In 1944, the ABC — comprised of the remnants of the NBC blue network — launched to compete with NBC (Red) and CBS. Last week marked the very loud and controversial launch of Buzz to more than 175 million Gmail users. After almost a week to digest the launch, I’m starting to think Buzz is Facebook and Twitter’s ABC.
At first glance, I wanted nothing to do with Buzz and literally turned it off. The increased amount of bacon (social network email, akin to, but not quite spam) simply disturbed me. Then there were the incredible privacy issues. The overall intrusiveness and Google’s audacity to force a severely flawed opt-out service on me was really annoying.
What changed my mind? A) Consider the incredible impact Buzz made right out of the gate. You need look no further than the above screen capture which shows my Mashable column from Friday. Buzz links outpace Facebook links.
B) Google responded quickly to privacy concerns and changed Buzz within 72 hours. The latter demonstrated to me how serious Google is about making Buzz work. Google wants the pageviews from a major social network… It’s about advertising, folks. And while some say search is Google’s core competency, I’d argue it’s Internet advertising.
Statistics reflect the changed opinion. A new major social network has been born… As much as I could do without it personally, I cannot afford to ignore Buzz.
How Will Buzz Impact the Market?
Is Buzz for real? Yes, there’s little doubt. But none of us, not even Google, knows how this will play out. Here are a five points that I am watching closely.
1) How will Buzz impact the social network landscape? Like Jason Falls, I don’t see Buzz as a Facebook or Twitter (or MySpace) killer. Competitor, yes. However, there are so many people using social networks, in my opinion I think this will simply compete for share not kill one or the other.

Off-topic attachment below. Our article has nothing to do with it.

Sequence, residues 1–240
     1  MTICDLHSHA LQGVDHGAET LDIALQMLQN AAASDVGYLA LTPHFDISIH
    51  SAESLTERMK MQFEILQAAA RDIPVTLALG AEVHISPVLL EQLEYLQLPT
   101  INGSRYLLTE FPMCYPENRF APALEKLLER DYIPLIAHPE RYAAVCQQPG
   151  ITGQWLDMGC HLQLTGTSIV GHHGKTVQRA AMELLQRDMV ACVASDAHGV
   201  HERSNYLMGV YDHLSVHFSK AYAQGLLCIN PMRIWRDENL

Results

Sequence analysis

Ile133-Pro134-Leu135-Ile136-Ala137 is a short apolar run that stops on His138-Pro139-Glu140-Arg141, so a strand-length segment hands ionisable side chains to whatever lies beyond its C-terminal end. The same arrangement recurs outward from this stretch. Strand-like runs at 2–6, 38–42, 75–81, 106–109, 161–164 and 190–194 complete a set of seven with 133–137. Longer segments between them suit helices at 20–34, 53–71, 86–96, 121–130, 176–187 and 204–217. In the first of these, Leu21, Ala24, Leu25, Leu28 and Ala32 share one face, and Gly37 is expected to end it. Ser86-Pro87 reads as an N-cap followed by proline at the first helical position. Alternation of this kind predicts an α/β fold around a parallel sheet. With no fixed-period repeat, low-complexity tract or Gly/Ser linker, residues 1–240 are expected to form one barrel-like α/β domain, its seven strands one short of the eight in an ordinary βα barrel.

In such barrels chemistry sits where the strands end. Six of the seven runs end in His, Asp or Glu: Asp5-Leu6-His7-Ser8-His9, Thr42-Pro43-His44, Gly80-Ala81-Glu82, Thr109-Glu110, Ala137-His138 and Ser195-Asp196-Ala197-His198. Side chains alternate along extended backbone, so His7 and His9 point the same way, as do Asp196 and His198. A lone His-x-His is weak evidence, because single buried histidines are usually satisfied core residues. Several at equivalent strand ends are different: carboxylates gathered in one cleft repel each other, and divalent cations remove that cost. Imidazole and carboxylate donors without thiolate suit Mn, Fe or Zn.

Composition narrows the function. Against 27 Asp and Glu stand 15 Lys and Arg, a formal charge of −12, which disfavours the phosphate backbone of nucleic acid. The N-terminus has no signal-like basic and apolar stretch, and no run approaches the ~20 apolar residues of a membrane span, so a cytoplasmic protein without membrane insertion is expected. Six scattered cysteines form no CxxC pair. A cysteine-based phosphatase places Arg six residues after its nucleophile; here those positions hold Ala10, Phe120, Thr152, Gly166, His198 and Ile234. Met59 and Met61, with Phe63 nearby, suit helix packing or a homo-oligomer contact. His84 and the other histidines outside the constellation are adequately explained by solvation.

Each major network has functional strengths and weakness, which will cause some people to migrate to one network or another. One thing I don’t see is use across all three. People are getting social network fatigue, and carving out more time for a social network isn’t likely.
2) How many Gmail users will bail on Google? To create the mass network capable of competing with Facebook and Twitter out of the gate, Google made all of its 175 million Gmail accounts Buzz users. Further, even upon initial complaints, Google will not decouple the two. It’s an opt-out privacy afront for many.
While it’s inevitable that some Gmail users will love Buzz, others will say no, and some will leave Google service altogether. As Corey O’Brien said on this Buzz Post, “Google forced Buzz upon mainstream users, who aren’t as willing to put up with the ‘growing pains’ that early adopters are.” We’ll see how much Google cannibalized itself.
3) What will happen when the apps come? We’re talking about a one week old social network making this kind of impact. But what will happen when the Seesmics, mobile apps, and all of the other clients come to play? Traffic will increase. Dramatically.
4) How will the mobile factor play out? One of Google’s other major plays in 2010 is the mobile Android OS, which is battling the iPhone for Internet smart phone market share. It’s no coincidence that Buzz has location based mobile functionality integrated into its functionality from the get-go.
With GPS location and mobile client searches that let you see what’s happening locally, Buzz instantly differentiates itself from Facebook and Twitter. And that’s going to create a mass social network that caters to the fifty-five percent of Americans that connect to the Internet wirelessly (Pew Internet & American Life Project).
Which brings to mind the increasingly powerful mobile social network FourSquare. Specifically, does it move from an attractive, fun app for your phone to a must purchase for Facebook or Twitter? Whatever happens, Facebook and Twitter mobile functionality will need to increase to stay competitive.
What are your thoughts on Buzz? Or if you’d like, let’s find out together. Here’s my Google profile address.